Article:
Remember our old friend section 18C of the Racial Discrimination Act? Yes, that is still a thing — and to remind you of where we left off before the break, the Joint Committee on Human Rights is conducting an inquiry into the Racial Discrimination Act 1975 including sections 18C and 18D and whether they restrict free speech.
On November 8 Attorney-General George Brandis announced the inquiry into the RDA and into whether the Australian Human Rights Commission (AHRC) handles complaints properly. This was, as usual, a sop to the right of the Liberal Party, as Senator Cory Bernardi et al believe 18C to be an impediment to their freedoms.
Section 18C, as explained in The Conversation, makes it unlawful for a person to commit an act, in public, that is “reasonably likely” to “offend, insult, humiliate or intimidate” someone or a group based on race or nationality. But section 18D says these acts are lawful if done “reasonably and in good faith,” and are in the public interest.
Part of the role of the AHRC is to look at breaches to 18C and to try and reconcile them instead of going to court.
This review comes following considerable focus on 18C due to QUT administrative officer Cindy Prior’s case against the university over the use of a computer lab, Senator David Leyonhjelm’s complaint with the AHRC being rejected and Bernardi championing the removal of 18C within the Liberal Party.
Submissions closed on December 23, so we had a look through to find out what people from the left, right and the wacky fringe think about 18C.
FamilyVoice Australia describes itself as “… a national Christian voice — promoting true family values for the benefit of all Australians”. It seems family values include the freedom of speech.
While the link between family values and freedom of speech isn’t made clear, FamilyVoice argues freedom of speech, like humanity, is made in the image of God. This means it is a natural right, not something to be granted by governments.
In recent years FamilyVoice feels this natural right has been silenced by the rise of “politically correct” culture. The group says homosexuals, socialists, feminists and ethnic minorities are creating a hegemony in the public sphere and censoring those with opposing views.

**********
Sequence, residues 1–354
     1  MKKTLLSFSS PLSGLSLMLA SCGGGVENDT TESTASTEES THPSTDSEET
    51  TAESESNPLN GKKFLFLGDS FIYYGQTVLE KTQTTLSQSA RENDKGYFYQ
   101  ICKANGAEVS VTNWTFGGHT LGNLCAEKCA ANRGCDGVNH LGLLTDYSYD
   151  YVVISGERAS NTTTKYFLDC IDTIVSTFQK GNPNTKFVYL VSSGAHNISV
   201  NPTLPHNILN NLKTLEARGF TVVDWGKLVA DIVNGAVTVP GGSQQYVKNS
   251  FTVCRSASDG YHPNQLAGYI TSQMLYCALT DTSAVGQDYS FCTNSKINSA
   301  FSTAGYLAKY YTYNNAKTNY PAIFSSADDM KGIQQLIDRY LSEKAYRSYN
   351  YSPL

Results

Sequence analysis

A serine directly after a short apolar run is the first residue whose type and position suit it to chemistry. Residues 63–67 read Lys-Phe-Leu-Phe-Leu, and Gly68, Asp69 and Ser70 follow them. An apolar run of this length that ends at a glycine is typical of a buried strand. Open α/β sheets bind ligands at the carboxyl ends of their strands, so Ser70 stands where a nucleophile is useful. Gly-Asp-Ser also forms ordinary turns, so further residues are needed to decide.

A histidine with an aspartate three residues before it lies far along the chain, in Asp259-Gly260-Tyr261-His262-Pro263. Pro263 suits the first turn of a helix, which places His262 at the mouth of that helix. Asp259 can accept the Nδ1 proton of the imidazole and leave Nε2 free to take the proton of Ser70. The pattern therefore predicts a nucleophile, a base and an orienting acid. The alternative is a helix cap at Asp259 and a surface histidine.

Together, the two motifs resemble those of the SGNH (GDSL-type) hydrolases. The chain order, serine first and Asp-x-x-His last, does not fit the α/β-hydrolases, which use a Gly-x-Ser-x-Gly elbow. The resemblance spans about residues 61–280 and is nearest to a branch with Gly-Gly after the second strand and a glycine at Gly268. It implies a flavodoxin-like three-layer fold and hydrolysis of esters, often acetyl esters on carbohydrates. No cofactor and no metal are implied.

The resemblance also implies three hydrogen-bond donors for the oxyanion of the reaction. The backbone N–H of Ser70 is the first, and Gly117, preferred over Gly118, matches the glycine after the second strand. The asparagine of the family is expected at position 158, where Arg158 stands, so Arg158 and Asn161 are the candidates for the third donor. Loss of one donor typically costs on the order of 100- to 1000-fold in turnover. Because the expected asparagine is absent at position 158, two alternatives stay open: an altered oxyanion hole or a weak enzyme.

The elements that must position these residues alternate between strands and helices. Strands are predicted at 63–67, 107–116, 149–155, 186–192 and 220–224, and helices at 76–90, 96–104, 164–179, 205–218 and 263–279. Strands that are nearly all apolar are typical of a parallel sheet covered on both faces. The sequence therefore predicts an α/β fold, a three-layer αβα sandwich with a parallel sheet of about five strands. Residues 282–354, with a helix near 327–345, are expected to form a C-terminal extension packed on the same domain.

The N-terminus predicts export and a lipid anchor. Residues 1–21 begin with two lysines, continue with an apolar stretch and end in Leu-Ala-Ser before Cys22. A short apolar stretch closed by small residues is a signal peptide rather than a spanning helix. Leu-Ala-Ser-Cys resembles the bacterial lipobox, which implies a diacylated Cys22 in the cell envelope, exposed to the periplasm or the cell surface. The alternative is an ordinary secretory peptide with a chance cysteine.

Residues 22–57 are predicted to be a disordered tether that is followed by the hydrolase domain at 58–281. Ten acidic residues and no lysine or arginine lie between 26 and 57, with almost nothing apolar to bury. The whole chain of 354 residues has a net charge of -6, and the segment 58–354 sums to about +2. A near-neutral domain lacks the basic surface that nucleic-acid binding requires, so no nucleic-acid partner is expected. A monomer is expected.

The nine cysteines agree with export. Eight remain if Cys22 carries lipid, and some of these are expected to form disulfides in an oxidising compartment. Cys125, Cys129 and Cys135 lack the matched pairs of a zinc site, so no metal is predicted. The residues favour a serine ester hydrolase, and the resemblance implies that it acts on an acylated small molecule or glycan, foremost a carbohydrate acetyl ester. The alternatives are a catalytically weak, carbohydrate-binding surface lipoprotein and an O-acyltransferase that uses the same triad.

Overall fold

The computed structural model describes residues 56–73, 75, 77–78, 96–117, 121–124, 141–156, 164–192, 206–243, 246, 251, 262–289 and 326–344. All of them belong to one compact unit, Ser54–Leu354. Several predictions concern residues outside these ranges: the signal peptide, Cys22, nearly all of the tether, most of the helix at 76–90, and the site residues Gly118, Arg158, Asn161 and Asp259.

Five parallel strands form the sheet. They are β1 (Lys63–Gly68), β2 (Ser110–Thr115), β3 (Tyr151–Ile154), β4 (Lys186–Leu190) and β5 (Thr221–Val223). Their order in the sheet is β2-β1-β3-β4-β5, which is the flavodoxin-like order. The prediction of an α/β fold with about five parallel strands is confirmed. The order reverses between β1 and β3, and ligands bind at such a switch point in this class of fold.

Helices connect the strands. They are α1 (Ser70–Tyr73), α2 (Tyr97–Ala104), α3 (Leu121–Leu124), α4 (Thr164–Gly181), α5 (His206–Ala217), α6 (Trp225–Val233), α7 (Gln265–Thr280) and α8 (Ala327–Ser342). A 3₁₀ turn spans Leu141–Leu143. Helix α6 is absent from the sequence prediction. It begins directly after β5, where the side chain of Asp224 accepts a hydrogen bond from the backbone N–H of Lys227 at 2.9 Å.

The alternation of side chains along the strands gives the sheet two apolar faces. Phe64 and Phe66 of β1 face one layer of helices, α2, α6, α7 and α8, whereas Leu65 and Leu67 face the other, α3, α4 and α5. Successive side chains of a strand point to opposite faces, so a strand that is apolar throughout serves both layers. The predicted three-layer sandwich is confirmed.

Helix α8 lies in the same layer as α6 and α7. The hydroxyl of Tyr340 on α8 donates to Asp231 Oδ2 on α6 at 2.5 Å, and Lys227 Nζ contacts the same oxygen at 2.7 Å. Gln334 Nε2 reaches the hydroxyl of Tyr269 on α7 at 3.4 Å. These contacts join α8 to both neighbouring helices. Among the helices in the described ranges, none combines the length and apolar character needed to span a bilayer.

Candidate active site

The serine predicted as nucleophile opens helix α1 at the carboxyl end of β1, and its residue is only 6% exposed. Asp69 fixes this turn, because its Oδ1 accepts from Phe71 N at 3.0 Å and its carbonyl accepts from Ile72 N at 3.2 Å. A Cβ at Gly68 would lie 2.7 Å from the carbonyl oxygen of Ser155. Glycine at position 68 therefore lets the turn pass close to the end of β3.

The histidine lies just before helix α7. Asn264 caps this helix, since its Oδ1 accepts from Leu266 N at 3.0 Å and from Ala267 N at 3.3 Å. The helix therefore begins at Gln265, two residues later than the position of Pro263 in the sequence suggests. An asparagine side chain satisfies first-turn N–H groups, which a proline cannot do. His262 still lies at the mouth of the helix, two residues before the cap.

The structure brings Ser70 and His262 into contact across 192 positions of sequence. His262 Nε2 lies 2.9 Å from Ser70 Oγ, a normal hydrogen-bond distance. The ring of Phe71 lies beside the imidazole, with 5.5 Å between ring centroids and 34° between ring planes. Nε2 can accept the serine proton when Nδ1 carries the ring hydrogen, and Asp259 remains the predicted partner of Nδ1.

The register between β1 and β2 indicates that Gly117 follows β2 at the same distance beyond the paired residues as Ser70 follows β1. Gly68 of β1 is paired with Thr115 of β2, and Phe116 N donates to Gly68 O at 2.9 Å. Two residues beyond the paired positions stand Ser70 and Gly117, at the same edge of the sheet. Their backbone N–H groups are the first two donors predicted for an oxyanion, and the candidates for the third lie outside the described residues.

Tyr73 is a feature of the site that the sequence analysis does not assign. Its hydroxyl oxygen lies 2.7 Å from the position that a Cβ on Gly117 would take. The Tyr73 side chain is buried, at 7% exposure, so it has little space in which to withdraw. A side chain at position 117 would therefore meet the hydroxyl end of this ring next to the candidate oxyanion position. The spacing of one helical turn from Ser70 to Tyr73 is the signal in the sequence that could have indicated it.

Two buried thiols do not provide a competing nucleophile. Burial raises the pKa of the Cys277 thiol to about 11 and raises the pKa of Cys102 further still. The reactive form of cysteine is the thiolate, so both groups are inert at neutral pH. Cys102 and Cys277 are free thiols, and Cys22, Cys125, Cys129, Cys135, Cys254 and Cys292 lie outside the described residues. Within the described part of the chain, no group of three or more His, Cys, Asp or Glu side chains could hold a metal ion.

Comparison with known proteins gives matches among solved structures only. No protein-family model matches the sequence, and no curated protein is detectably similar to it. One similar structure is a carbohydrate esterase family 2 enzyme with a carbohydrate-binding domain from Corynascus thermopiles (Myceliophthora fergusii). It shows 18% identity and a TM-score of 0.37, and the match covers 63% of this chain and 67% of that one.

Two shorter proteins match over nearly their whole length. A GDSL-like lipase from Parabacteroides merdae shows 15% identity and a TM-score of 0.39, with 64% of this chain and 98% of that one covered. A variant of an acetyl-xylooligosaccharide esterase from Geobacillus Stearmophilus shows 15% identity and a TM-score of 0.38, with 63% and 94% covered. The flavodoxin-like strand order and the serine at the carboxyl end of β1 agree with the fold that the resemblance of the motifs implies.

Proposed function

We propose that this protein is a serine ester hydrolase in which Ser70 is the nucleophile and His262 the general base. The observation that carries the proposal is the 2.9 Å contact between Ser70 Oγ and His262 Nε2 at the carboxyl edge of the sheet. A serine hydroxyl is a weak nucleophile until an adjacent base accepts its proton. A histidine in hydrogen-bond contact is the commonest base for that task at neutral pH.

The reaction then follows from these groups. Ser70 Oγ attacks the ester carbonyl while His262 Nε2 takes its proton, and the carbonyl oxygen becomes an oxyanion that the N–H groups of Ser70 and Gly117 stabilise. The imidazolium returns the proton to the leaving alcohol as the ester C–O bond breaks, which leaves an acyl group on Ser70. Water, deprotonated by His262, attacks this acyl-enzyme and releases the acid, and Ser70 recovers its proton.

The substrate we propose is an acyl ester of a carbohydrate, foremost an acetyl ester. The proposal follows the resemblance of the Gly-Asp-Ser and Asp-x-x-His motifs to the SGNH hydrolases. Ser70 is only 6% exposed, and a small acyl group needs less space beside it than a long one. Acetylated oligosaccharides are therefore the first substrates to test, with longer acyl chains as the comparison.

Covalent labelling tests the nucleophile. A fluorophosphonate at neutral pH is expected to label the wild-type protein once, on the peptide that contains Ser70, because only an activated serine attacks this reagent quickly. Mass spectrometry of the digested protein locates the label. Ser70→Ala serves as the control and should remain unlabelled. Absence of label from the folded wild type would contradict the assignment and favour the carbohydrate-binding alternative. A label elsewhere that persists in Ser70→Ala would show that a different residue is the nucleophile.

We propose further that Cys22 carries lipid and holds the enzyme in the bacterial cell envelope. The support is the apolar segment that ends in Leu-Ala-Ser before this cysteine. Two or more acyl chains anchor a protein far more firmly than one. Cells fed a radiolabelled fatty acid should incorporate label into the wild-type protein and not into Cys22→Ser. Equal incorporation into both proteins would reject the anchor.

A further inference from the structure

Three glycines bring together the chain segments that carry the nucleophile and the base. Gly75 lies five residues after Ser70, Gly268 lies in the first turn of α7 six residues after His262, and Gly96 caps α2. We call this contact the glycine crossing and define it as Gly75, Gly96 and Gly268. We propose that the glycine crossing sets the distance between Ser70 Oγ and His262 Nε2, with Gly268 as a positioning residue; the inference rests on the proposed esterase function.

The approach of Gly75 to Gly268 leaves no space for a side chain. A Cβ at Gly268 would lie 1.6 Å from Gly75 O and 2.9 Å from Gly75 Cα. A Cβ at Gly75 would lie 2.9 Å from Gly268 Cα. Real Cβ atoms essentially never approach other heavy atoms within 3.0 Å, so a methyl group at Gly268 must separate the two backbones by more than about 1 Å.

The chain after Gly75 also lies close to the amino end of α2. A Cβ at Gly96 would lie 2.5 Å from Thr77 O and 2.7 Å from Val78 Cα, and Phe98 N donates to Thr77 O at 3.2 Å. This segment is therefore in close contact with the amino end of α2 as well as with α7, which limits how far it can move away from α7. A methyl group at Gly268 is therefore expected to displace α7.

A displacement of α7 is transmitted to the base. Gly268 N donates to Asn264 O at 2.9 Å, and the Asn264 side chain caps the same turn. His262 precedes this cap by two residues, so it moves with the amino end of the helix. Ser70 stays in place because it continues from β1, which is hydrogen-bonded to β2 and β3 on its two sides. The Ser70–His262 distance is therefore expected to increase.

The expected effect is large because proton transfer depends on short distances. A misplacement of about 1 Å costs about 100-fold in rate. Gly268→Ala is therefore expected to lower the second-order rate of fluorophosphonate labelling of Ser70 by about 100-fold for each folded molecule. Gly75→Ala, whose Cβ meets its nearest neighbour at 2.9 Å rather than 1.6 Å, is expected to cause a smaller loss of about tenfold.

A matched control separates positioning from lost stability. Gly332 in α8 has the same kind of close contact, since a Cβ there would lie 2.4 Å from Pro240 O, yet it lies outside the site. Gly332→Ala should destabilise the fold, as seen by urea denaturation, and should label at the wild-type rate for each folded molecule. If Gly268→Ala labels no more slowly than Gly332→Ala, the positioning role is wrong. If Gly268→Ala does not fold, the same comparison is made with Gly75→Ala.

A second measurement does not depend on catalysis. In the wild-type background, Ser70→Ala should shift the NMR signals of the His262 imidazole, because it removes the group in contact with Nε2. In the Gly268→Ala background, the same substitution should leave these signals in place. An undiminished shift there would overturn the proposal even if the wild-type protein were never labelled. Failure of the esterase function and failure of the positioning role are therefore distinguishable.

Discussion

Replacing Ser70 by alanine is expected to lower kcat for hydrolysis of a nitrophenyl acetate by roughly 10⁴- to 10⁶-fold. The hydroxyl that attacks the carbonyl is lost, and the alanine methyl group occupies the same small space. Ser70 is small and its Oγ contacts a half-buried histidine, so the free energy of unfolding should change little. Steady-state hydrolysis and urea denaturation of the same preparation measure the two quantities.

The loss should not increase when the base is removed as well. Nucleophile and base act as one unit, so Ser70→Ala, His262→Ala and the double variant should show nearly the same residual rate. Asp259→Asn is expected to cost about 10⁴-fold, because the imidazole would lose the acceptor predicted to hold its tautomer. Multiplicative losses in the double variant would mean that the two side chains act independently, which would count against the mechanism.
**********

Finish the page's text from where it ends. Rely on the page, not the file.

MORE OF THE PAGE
In FamilyVoice’s view, this silencing, which also comes from 18C, is unacceptable. FamilyVoice believes freedom of speech should be limited to prevent serious harm, such as in the case of national security.
The submission says: “Offending, insulting or humiliating a person does not constitute serious harm and therefore section 18C is not a justifiable limitation.”
Australian Family Association
The AFA also argues 18C needs to be repealed or amended to take out “offend” and “insult” and allow for political purpose to be added as a mitigating factor in section 18D. The Australian Family Association says 18C infringes on freedom of speech by protecting people from being offended, insulted or humiliated.
On a broader level the association argues it limits our right to political communication.
Aged Pensioner Power
Aged Pensioner Power is less interested in discussing 18C than in replacing the entire AHRC. Aged Pensioner Power’s submission refers to the AHRC as the “Commission”, with scare quotes.
Aged Pensioner Power claims the AHRC, or “Commission”, is a get-rich scheme for protected minorities.
Dr Sev Ozdowski, former Australian Human Rights commissioner
Ozdowski was the Australian Human Rights Commissioner and Disability Discrimination Commissioner from 2000 to 2005 and has a long history of involvement in human rights, race relations and multiculturalism.
He argues there needs to be a revision of 18C alongside an overhaul of how the AHRC handles cases.
He argues 18C needs to be fixed on the basis that it goes beyond what is stated in the International Covenant on Civil and Political Rights. The covenant states: “Any advocacy of national, racial or religious hatred that constitutes incitement to discrimination, hostility or violence shall be prohibited by law.”
Ozdowski argues 18C goes beyond this:
Using his own experience at the AHRC, he feels it has “… always been biased towards the person making a complaint and to deliver ‘proper’ educational outcomes for broader society”.
Ozdowski also says accusations of discrimination can be very damaging and that parties are pressured into reaching an agreement so it doesn’t go public.
What atheists have to do with 18C is unclear; the group’s mission statement is: “We have an interest in ensuring that whatever a person’s faith or non-faith, that everyone is treated fairly, equally and without discrimination.”
The Sydney Atheists group wish to ensure the Racial Discrimination Act 1975 is unchanged and that religious groups not be protected.
The group says religion is only an idea and ideas should not be protected.